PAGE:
This project is in for the long haul. “We’ll be here for at least the next five years,” says Abichaker. By the end of 2014, he predicts that the Khalife family will be back to work full time, with at least 20 different distribution points in Lebanon.
The glassblowers are appreciative as well, happy that they can keep working in a family tradition that has been part of their lives from the time they were children.
Nisrine Khalife, 32, is in charge of painting and decorating the different glass pieces. She stands in the Khalife Brothers shop, holding a cobalt-blue swan dish. “This was something my grandfather used to make. I used to go around with my grandfather to deliver goods. Ever since I was aware of things, I remember growing up around the glass-blowing,” says Khalife.
Abichaker is not the only person in Lebanon choosing to better the environment through glass. Other people are working on smaller-scale projects, such as Wissam Muases, a Syrian artist who heads up the collective Artafif. The initiative has been operating for about two years in Lebanon, and one personal project of the founder's, focused on recycled glass, is showing some early signs of success.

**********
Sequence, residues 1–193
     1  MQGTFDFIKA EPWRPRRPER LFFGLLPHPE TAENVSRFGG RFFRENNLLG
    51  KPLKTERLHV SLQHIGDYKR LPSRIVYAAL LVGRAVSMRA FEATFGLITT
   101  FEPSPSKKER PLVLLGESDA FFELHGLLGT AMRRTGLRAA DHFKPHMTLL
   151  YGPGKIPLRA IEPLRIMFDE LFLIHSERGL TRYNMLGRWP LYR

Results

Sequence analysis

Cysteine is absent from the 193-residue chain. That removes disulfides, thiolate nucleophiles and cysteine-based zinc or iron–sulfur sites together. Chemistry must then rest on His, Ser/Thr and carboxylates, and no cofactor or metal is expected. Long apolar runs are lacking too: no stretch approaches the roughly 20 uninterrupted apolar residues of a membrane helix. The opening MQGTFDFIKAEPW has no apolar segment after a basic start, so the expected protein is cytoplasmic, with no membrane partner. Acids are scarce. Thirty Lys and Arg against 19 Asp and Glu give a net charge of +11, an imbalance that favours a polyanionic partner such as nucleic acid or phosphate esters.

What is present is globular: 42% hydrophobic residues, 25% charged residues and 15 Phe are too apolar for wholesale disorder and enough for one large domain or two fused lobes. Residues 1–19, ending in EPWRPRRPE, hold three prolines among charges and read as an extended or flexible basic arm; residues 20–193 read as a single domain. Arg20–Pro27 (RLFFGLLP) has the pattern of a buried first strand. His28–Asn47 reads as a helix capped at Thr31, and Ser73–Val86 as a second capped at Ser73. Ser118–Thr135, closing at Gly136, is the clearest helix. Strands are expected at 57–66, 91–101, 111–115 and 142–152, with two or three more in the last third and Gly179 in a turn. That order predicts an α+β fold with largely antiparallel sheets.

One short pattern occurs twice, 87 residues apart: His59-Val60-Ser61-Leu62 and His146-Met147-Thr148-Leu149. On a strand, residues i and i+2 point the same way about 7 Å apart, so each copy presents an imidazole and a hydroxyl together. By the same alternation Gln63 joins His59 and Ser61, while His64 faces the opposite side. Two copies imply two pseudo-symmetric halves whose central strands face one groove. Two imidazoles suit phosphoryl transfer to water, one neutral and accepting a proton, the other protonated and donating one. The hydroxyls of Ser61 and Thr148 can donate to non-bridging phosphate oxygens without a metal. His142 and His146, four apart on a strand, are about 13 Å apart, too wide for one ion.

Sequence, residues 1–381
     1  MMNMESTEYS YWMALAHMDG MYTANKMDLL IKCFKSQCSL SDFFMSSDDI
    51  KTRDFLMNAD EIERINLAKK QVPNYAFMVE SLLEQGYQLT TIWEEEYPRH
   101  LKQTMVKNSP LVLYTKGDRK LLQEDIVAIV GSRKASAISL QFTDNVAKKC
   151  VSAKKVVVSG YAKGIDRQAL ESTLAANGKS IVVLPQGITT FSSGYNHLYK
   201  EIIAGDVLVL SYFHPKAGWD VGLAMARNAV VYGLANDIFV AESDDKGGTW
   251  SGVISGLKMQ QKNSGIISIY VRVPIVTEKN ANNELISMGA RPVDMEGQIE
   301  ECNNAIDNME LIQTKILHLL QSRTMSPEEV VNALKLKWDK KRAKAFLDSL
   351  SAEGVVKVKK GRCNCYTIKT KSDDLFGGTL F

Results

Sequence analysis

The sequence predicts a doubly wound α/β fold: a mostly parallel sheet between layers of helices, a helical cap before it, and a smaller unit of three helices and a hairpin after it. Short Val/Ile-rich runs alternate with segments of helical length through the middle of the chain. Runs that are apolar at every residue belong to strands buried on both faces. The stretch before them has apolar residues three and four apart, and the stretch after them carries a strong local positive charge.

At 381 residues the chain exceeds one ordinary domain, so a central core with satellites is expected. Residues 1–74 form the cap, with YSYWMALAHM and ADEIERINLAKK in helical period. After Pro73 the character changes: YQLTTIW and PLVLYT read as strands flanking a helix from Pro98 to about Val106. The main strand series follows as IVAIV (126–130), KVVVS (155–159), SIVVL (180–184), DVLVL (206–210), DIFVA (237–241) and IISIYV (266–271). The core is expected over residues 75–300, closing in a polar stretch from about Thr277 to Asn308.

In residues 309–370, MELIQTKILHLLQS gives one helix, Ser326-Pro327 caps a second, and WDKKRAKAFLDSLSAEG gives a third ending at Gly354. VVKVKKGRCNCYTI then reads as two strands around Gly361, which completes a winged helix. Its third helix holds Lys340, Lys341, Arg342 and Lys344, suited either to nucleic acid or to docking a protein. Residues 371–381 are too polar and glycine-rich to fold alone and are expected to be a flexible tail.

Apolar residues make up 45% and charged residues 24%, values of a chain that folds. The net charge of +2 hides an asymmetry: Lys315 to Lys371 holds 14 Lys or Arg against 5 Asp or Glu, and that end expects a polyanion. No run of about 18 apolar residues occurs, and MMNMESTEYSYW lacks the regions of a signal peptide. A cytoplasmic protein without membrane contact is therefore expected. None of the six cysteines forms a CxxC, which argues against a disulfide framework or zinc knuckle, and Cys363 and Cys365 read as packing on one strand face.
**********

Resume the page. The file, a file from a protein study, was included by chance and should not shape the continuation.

Muases opened up a small shop where he works and lives in Furn al-Chebbak. In his overcrowded workshop, his one employee, Rami, a Palestinian Syrian who lives in the Shatila refugee camp, vies for space among large plastic wash bins, a polisher, plastic crates filled with green and amber colored bottles and a grill-like machine that heats the glass. Lebanese beer brands such as Almaza and 961 get turned into glasses and carafes of all sizes, while wine bottles can be used as vases. Muases even has a use for the tops, using them as lamp covers on his intricate plastic tree lamps made from wire covers.
Currently, Muases only has Rami working two to three days per week, finishing up to a hundred pieces each day. His future plans are much bigger, though. He wants to engage the Syrians who work sorting through trash and involve them in the collection system. Rather than discouraging them from the livelihood, he wants to help professionalize their work. He also plans to double the operation in his tiny workspace and expand beyond glass to make bedding from recycled materials for Syrian refugees outside of Beirut.
For this project, though, all depends on funding and expanding current distribution points. But Muases and co-founder Ramia Suleiman are confident they will soon get the funding they need to grow as big as their goals.
“We want to recycle as big a quantity as we can, and to do a more interactive process with people. To have it done by default that when people finish drinking their bottles, there is a place to put it in a container close to the bars, and they do it,” says Muases.